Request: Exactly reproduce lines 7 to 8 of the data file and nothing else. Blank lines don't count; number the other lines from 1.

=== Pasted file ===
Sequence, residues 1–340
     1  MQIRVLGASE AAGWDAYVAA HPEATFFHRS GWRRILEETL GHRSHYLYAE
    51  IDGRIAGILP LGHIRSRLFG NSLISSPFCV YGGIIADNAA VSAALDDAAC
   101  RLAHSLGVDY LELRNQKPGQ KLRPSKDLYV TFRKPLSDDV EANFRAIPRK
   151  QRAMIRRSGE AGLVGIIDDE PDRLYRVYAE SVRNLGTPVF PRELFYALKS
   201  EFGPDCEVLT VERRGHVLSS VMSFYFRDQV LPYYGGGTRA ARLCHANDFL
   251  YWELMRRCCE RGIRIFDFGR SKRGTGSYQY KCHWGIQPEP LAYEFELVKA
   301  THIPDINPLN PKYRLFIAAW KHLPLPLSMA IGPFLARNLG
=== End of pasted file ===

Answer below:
   251  YWELMRRCCE RGIRIFDFGR SKRGTGSYQY KCHWGIQPEP LAYEFELVKA
   301  THIPDINPLN PKYRLFIAAW KHLPLPLSMA IGPFLARNLG